When I used to go to the movies it was an Event. Two hours away from more of the same, and transported to somewhere new.
An escape. Something different. I’d be excited, alert, aware. Fidgety even. Sitting in my seat. Waiting with anticipation.
There used to be a neat screensaver – oily, lava-lamp colors projected on the screen. Anticipation built. There was trivia sometimes; not GEICO trivia, movie trivia. Designed to speak to people who, well, loved movies. To encourage that love, even. The day-to-day fell away.
Then darkness. Then previews. Exciting, because I hadn’t seen them before.
Then the movie and I’d get lost in it.
Today when I go to the movies, it’s my living room transported to a public space with worse seats.
I see all of the commercials I see at home. They’re just bigger here.
Then too many previews I’ve already seen.
Then, finally, darkness, movie and larger-than-life screen – that part’s still exciting.
But if I miss it, I know it’ll be out on Netflix or DVD in the space of about 60 days or so, so if the experience is pretty much the same, but more costly and without added benefit, what’s the point?
Theaters complain. Hollywood complains.
But the simple truth of the matter is this: they’re doing it to themselves.
They are no longer inviting us to escape. Instead, they’re asking us to experience exactly what we could otherwise at a greater cost and with less convenience. They are taking a short-term view of profitability, grasping at straws without a larger strategy. Nickel-and-diming and trying to extract every penny of built-in yet dwindling demand, instead of capitalizing upon – and amplifying – the incredible opportunity they already have.
In a world of people dying to get away, even for just an hour or two, they’re ignoring the obvious; they are uniquely positioned to succeed.
Instead, they see us as fish in a barrel; trapped and unable to get away, at least for a little while, from the old marketing game. For now, for that brief window of experience before the movie starts, we remain a captive audience. Rather than being creative with that opportunity, they ham-handedly exploit it .
The movie experience is fast becoming all too similar to what you can get somewhere – maybe everywhere – else. It is, essentially, neither special nor unique anymore – not really. It is the result of greed, fear of risk, and a lack of creativity on the part of the theater industry. And that is very sad.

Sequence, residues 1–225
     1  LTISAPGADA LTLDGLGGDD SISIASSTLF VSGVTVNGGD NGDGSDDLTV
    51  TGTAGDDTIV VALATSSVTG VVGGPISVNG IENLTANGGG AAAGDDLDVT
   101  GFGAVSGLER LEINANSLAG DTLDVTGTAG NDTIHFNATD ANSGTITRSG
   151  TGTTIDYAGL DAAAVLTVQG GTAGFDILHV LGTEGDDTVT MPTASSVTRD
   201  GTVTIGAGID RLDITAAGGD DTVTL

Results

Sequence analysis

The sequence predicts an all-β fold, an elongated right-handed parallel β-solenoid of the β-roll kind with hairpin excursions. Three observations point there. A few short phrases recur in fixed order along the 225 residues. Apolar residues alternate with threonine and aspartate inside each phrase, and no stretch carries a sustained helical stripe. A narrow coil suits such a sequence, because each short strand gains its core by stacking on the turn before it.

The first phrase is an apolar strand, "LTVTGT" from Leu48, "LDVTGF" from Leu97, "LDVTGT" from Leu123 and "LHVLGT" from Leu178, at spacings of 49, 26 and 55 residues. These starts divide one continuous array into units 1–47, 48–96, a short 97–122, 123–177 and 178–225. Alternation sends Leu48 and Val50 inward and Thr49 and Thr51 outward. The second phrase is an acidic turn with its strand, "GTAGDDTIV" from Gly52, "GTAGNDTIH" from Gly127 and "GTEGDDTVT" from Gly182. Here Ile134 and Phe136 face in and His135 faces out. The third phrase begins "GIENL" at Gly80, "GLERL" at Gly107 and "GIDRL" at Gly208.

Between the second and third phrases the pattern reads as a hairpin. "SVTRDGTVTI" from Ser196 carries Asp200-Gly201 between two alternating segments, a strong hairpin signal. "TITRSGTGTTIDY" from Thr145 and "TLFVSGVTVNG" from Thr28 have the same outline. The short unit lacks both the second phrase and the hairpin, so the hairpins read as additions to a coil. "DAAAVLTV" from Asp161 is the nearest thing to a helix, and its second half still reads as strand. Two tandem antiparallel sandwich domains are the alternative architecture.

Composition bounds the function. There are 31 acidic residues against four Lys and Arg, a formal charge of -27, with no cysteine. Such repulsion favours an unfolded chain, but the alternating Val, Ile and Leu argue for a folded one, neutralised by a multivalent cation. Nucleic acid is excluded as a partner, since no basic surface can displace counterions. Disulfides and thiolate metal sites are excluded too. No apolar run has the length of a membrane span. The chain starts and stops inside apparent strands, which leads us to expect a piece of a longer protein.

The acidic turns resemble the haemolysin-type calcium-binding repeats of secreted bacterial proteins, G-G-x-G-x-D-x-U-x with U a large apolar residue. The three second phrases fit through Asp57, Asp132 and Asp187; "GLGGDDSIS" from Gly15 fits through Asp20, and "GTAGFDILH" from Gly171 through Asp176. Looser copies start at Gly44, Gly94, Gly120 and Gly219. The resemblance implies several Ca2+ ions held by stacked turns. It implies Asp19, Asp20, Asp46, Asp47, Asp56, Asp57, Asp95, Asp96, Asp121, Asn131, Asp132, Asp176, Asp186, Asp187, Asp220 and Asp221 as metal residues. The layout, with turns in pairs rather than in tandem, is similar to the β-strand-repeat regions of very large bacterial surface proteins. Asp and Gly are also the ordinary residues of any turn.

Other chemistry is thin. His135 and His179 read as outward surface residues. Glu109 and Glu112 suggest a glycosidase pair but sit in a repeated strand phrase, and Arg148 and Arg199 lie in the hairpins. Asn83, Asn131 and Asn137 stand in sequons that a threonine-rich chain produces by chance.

As with all brands, if you do not differentiate, you die a slow and painful death. It is what I call The Rule of the Parity Provider: when you offer the same thing as everyone else, price becomes the sole differentiator. Margins shrink as you try to compete and, eventually, you simply go under. This is what’s happening here.
Twelve bucks for a ticket for two hours, OR twelve bucks for a month of Netflix?
If the movie theaters understood their opportunity to position themselves as a provider of escape, entertainment and respite from the world, this would be a magical ticket — a temporary pass to somewhere else — that anyone would buy.
They have the opportunity to provide – and capitalize on – something truly unique. But they don’t.
They should. In fact, they must. There really is no alternative.
And when it comes to your business, and your brand, so should you.
What do you provide that’s truly different? Be honest with yourself: What does your business do that’s the same as what your competitors do?
Once you figure that out, the important question becomes what do you offer that’s different?
What’s the one thing you can identify that you do Best, and that people can’t get anywhere else?
Build on that, and you’ll not only survive, you’ll thrive. And also suddenly discover that you no longer have as much competition as you used to.
And wouldn’t that be nice?
That’s what the Movie Theater Industry needs to do. And pretty much everyone else.